A few months ago on Hit & Run, I wondered why, despite a monumental opportunity afforded by the financial crisis, Europe's traditional parties of the left—specifically its mainstream socialist parties—were losing ground to populist, Euroskeptic, and traditional right-leaning parties. It's an oversimplification, to be sure, but Drudge's headline ("USA MOVES LEFT, EU GOES RIGHT") about sums up the results of Sunday's European elections. As noted by the Associated Press, "Right-leaning governments were ahead of the opposition in Germany, France, Italy and Belgium, while conservative opposition parties were leading in Britain and Spain." We can add to this incomplete list Sweden, Poland, the Netherlands, Austria, and Hungary, all of whom saw right-leaning parties either hold the line or increase in size. A few developments worth paying attention to:
– In the UK, Labour was trounced, managing a paltry 16 percent of the vote and increasing calls on Prime Minister Gordon Brown to resign and call early elections. The British National Party (BNP), a populist, anti-immigrant party, had its best showing ever, grabbing two seats in Brussels. BNP Obergruppenfuehrer Andrew Brons will represent Yorkshire and party boss Nick Griffin, seen here sharing a stage with American Nazi David Duke, will besmirch the reputation of northwest England. According to a report in The Guardian, Brons one explained, in a private letter to a supporter, that "on [the subject of burning synagogues] I have a dual view, in that I realise that he is well intentioned, I feel that our public image may suffer considerable damage as a result of these activities. I am however open to correction on this point."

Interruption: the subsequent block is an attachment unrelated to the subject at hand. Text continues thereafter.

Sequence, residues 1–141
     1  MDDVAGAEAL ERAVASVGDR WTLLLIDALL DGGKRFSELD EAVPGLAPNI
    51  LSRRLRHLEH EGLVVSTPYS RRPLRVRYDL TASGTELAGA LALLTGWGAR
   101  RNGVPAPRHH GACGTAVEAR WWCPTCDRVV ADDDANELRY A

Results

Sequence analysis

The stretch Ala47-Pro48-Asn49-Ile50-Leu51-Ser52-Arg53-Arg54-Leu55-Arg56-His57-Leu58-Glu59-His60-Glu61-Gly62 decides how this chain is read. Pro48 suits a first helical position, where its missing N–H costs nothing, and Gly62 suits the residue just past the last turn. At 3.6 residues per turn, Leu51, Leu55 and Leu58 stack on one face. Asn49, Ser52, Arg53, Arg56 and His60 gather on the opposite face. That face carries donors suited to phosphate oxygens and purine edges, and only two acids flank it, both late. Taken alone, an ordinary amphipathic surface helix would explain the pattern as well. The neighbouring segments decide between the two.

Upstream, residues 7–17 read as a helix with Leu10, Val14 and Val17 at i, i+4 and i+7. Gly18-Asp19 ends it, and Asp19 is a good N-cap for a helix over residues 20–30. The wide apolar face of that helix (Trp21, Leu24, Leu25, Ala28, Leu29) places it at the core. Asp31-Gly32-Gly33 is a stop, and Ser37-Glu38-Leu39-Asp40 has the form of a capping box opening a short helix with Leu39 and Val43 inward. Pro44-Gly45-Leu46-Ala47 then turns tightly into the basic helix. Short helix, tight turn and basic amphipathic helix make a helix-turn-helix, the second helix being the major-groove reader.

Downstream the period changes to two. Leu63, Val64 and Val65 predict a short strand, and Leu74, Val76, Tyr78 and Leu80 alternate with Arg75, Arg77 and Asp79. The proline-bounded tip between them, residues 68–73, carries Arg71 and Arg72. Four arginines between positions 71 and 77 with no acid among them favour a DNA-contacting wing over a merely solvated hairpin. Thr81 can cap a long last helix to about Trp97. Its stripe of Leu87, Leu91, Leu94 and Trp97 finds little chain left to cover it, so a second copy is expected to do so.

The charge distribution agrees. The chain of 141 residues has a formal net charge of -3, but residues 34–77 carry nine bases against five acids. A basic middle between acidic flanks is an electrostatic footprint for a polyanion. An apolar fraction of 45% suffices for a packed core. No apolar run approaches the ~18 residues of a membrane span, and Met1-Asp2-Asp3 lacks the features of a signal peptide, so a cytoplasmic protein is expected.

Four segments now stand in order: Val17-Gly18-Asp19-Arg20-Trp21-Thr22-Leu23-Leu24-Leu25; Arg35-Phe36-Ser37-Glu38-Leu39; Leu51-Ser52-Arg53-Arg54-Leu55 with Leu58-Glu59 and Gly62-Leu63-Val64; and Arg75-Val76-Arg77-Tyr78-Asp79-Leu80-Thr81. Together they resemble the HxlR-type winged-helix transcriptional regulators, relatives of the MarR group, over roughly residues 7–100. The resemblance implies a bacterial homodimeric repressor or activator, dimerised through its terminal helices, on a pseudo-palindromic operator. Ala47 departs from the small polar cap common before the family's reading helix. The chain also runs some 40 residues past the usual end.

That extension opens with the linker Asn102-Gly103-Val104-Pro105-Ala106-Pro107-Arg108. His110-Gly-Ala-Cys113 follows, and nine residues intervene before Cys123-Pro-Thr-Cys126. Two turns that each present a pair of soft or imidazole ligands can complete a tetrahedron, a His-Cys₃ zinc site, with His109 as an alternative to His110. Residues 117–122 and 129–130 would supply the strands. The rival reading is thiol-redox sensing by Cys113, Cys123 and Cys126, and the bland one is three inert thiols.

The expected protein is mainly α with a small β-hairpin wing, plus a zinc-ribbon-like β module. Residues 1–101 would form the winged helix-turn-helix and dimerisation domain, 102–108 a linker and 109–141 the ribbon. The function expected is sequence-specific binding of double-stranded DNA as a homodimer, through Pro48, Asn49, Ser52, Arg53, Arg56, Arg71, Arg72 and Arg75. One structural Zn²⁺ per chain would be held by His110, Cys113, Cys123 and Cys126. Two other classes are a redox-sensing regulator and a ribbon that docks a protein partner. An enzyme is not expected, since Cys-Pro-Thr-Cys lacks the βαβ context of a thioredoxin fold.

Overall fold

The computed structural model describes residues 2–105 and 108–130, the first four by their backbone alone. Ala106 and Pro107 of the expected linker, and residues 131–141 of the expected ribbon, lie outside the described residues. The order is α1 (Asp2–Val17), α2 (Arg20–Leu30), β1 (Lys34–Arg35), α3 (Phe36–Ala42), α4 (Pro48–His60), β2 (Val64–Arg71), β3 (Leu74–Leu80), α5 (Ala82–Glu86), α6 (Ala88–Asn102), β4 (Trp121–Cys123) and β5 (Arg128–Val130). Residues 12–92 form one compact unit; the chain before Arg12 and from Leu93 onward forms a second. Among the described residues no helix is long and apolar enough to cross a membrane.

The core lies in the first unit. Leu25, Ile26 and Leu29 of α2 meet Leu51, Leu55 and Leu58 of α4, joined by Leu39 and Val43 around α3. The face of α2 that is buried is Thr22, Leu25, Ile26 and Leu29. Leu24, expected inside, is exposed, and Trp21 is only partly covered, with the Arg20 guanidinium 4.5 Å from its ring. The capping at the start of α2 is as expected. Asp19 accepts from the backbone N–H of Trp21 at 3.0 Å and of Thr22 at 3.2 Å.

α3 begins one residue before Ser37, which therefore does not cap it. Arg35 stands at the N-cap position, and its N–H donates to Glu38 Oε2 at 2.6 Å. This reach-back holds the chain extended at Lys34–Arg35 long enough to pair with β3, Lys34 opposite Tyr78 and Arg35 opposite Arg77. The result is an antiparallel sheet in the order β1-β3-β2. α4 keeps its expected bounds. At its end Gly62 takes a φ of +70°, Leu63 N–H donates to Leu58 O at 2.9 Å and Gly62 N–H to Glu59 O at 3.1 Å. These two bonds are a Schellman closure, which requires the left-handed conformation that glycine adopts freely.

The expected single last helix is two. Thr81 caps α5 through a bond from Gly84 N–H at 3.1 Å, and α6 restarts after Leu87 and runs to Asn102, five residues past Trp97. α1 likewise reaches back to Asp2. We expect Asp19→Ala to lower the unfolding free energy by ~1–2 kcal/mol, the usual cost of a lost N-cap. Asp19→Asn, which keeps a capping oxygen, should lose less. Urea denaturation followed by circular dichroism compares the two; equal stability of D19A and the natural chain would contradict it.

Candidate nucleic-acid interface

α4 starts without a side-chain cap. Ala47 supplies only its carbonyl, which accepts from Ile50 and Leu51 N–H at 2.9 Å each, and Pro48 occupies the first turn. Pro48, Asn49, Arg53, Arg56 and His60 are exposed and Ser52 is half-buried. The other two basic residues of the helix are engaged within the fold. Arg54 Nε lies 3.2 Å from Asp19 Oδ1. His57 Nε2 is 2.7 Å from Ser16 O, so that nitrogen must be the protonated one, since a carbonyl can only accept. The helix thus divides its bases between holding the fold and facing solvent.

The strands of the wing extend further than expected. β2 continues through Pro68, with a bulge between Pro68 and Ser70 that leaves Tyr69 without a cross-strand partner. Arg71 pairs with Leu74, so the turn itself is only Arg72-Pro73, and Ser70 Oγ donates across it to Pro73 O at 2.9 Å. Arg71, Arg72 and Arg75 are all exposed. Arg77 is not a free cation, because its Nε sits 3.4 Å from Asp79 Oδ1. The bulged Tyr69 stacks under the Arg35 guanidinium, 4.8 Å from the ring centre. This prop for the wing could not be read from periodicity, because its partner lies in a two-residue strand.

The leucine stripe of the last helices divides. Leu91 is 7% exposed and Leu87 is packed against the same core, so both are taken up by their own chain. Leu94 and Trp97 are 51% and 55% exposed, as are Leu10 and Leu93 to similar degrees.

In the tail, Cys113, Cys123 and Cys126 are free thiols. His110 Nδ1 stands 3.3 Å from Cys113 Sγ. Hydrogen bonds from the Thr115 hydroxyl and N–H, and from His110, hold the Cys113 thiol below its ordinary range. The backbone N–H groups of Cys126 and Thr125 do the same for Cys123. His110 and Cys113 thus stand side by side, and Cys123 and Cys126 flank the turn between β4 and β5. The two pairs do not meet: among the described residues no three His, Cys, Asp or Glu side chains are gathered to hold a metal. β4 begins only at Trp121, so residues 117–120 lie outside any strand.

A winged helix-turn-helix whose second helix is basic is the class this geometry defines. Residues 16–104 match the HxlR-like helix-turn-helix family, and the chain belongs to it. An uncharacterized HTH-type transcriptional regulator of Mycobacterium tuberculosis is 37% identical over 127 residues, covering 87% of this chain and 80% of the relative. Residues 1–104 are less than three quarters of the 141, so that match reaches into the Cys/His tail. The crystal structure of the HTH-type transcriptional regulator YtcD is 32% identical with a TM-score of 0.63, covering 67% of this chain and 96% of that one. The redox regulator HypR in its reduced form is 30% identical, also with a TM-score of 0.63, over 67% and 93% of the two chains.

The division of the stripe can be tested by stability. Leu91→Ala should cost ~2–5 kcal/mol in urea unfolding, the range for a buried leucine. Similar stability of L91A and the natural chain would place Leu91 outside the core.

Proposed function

The great libertarian MEP Dan Hannan makes a point worth repeating: The BNP is not a right-wing party, but a fascist party. It will be of no surprise to anyone who has read the party's manifesto that the BNP appropriated votes from Labour, not the Tories. As Hannan points out, in his victory speech Griffin shifted quickly from talk of immigration—everyone knows he isn't too fond of it—to the tub-thumping, rally-the-proles declaration that "his priority was to expose the way in which public assets had been privatised." To save you, dear reader, the trouble of digging up a ghastly manifesto written by a lumpy fascist, Hannan describes its contents: "[I]t wants nationalisation, subsidy, higher taxes, protectionism and (sotto voce) the abolition of the monarchy." This is pretty de rigueur for nationalist, "far-right" parties in Europe. The German NPD, for instance, routinely denounces capitalism (specifically the "Anglo-American financial aristocracy") and has entertained a "Volksfront" with far-left anti-capitalist activists.
– Also making the front page of Drudge is the ascension of the Swedish file-sharing Pirate Party (PP) to Brussels, with 7.1 percent of the vote, enough to guarantee a single seat. Not mentioned in the English language accounts of their victory is the party's strong libertarian streak. Party leader Rick Falkvinge told the Stockholm daily SvD, in reference to a recent proposal that would massively expand the state's ability to monitor electronic communications, that "We don't accept the state's wiretapping. People should understand that the state is not always on the side of good." Perhaps an obvious point, but a sentiment just short of revolutionary in Swedish politics. Even more contronversial was Falkvinge's declaration, in an interview with the magazine Fokus, that he considers himself "an ultra-capitalist," a sentiment so alarming that state television believed it worthy of top billing on its website.
– Bonus Dan Hannan video, reading Dr. Seuss to Gordon Brown: